This statement by Senate Majority Leader Harry Reid is toxic waste.

Outlining the Senate's agenda after a one-week recess, the Nevada Democrat said the first item would be the Ukraine bill that Republicans blocked just before lawmakers went on break. He urged Republicans to consider "how their obstruction affects United States' national security as well as the people of Ukraine" and said their delay of any congressional action "sent a dangerous message to Russian leaders."

"Since a few Republicans blocked these important sanctions last work period, Russian lawmakers voted to annex Crimea and Russian forces have taken over Ukrainian military bases," Reid said. "It's impossible to know whether events would have unfolded differently if the United States had responded to Russian aggression with a strong, unified voice."

Does Harry Reid actually believe the pitiful attempt to sanction Russia would have made any difference in Vladimir Putin's plans at all? If he does, perhaps Congress might try "the comfy chair" to really turn the screws on the Kremlin:

Ximinez: Now, old woman -- you are accused of heresy on three counts -- heresy by thought, heresy by word, heresy by deed, and heresy by action -- *four* counts. Do you confess?
Wilde: I don't understand what I'm accused of.
Ximinez: Ha! Then we'll make you understand! Biggles! Fetch...THE CUSHIONS!

[JARRING CHORD]

[Biggles holds out two ordinary modern household cushions]

Biggles: Here they are, lord.
Ximinez: Now, old lady -- you have one last chance. Confess the heinous sin of heresy, reject the works of the ungodly -- *two* last chances. And you shall be free -- *three* last chances. You have three last chances, the nature of which I have divulged in my previous utterance.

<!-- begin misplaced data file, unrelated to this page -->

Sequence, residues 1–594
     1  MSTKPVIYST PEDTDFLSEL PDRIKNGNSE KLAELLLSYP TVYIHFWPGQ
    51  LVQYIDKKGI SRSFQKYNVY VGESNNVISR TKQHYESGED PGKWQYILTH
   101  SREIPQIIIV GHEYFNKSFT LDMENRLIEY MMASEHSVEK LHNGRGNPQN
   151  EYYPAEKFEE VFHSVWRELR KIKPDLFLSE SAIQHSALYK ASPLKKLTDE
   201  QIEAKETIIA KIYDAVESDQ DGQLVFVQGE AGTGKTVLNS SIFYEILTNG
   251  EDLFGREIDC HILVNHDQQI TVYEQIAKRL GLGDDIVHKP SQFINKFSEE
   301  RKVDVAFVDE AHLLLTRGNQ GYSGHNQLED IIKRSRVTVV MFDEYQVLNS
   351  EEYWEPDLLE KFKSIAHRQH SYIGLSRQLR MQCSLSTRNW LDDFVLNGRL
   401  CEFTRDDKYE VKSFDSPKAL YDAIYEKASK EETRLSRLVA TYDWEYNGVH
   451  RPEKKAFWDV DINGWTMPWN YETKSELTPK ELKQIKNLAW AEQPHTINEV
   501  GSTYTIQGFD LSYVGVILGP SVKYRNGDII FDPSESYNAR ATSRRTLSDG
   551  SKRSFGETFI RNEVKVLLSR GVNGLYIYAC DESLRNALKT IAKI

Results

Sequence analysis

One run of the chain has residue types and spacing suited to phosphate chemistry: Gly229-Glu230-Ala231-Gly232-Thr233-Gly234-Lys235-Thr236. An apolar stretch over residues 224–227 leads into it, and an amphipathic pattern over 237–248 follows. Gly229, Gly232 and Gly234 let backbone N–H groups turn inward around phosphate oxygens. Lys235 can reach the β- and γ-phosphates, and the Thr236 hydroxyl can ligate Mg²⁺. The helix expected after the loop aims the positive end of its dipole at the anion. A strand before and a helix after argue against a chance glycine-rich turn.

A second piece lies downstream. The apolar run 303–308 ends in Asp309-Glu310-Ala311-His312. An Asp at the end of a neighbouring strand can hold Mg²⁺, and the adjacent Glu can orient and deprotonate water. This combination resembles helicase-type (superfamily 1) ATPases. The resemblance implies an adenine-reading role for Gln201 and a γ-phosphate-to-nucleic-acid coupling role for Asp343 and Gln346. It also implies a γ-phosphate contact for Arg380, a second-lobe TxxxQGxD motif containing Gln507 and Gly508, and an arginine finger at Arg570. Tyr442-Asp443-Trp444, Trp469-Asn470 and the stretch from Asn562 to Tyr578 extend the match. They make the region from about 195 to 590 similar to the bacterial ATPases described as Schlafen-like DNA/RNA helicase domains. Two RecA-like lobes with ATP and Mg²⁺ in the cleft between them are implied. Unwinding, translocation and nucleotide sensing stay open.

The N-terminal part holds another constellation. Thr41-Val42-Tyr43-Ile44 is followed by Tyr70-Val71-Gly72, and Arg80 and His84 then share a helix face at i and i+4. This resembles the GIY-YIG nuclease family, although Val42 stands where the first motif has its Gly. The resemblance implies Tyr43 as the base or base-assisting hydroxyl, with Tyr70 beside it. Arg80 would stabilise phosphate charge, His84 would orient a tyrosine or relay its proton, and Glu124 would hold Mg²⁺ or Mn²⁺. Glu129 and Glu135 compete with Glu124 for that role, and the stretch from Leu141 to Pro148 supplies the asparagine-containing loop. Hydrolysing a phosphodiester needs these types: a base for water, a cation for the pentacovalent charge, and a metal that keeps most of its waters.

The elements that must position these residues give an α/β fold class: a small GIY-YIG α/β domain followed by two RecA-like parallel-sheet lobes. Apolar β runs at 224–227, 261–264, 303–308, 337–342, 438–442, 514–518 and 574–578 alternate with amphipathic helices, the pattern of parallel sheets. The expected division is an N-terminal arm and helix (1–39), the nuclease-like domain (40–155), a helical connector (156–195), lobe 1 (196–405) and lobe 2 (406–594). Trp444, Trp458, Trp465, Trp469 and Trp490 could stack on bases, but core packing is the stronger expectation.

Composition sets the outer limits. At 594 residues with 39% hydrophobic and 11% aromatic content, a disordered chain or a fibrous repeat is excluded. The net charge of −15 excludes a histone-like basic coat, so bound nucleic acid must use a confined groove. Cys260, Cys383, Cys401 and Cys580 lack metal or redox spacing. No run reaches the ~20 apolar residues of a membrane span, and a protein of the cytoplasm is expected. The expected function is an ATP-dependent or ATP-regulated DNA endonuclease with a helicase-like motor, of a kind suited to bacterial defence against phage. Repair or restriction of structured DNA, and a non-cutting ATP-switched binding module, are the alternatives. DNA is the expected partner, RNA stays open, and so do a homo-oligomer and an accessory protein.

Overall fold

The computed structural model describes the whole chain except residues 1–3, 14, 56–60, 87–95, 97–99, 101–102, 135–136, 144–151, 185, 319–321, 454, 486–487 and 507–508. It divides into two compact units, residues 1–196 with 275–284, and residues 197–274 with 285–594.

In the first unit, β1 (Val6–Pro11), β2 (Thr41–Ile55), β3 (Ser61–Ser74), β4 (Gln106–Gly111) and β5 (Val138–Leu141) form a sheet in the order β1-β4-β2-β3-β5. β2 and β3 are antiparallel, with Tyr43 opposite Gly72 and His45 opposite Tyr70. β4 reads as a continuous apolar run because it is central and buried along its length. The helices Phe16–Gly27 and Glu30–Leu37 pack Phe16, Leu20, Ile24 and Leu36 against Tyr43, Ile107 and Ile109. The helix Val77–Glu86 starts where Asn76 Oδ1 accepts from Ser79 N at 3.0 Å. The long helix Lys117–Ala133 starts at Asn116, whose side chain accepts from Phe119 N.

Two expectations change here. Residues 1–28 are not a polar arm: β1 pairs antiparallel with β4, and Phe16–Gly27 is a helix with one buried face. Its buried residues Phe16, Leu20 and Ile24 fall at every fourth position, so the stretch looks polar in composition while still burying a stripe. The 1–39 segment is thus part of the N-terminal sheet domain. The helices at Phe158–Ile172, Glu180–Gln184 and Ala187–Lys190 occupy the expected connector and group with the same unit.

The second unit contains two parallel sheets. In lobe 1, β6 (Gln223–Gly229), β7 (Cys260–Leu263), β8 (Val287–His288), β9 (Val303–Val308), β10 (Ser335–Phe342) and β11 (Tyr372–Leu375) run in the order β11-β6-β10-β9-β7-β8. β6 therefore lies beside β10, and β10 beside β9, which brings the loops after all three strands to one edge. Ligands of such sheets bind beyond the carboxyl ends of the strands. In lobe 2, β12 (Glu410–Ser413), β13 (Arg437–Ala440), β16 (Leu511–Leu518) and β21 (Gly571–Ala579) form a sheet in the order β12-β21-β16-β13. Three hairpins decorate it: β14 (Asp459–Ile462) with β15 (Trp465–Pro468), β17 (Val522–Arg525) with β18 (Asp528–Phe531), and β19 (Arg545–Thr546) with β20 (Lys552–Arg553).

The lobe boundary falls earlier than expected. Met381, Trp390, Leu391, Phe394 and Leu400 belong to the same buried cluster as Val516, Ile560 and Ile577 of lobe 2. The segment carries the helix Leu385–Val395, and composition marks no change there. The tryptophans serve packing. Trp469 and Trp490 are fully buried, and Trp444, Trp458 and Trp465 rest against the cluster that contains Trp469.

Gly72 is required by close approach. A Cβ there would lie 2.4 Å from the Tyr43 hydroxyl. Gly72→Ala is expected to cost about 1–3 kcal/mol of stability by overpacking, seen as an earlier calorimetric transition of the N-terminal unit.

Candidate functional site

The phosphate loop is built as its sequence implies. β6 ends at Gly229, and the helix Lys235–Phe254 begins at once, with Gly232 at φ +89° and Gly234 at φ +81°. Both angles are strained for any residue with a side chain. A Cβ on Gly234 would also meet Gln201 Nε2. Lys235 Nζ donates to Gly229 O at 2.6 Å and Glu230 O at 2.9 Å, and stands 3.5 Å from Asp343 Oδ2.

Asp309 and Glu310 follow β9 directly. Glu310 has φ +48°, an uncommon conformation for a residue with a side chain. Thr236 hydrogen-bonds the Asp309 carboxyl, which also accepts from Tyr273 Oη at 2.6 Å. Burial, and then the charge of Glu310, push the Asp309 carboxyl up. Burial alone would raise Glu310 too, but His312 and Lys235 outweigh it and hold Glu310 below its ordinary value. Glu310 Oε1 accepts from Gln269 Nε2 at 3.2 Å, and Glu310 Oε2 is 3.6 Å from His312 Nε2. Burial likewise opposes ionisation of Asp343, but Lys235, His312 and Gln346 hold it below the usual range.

Wilde: I don't know what you're talking about.
Ximinez: Right! If that's the way you want it -- Cardinal! Poke her with the soft cushions!

[Biggles carries out this rather pathetic torture]

Ximinez: Confess! Confess! Confess!
Biggles: It doesn't seem to be hurting her, lord.
Ximinez: Have you got all the stuffing up one end?
Biggles: Yes, lord.
Ximinez [angrily hurling away the cushions]: Hm! She is made of harder stuff! Cardinal Fang! Fetch...THE COMFY CHAIR!

[JARRING CHORD]

[Zoom into Fang's horrified face]

Fang [terrified]: The...Comfy Chair?

[Biggles pushes in a comfy chair -- a really plush one]

Ximinez: So you think you are strong because you can survive the soft cushions. Well, we shall see. Biggles! Put her in the Comfy Chair!

Somehow, I think Monty Python's sanctions would do more good than anything Congress can come up with.

The reason Republicans opposed the Senate version of Russian sanctions is because of the inclusion of IMF "reforms" that would expose the American taxpayer to billions of dollars in losses:

The biggest dispute separating the two chambers appears to be inclusion in the Senate bill of reforms of the International Monetary Fund, which the United States, Europe and others are working with to stabilize Ukraine's economy. The IMF's 2010 reforms increase the power of emerging countries in the lending body and shift some $63 billion from a crisis fund to a general account it can use for economic stabilization operations around the world.

Although the bill is likely to pass the 60-vote threshold Monday evening to move forward, Reid's tone suggests a compromise with the GOP-controlled House may prove difficult.

Republicans have long spurned the administration's attempt to ratify the IMF changes, saying they'd increase the exposure of U.S. taxpayers in foreign bailouts managed by the fund. Making the shift now, opponents such as Sens. Rand Paul and Marco Rubio argue, would also marginally increase Russia's voting power over the fund's finances.

The Obama administration and Democrats counter that unless the U.S. approves the new rules, Washington will lose its influence at the IMF and hamper the body's ability to avert economic meltdowns in places precisely like Ukraine. The U.S. is the only major country that has yet to sign off.

Remember what you're mother told you: "If the rest of the world wants to jump off the Empire State Building, that doesn't mean you have to." Thanks, mom. Good advice to follow when considering changes in the IMF.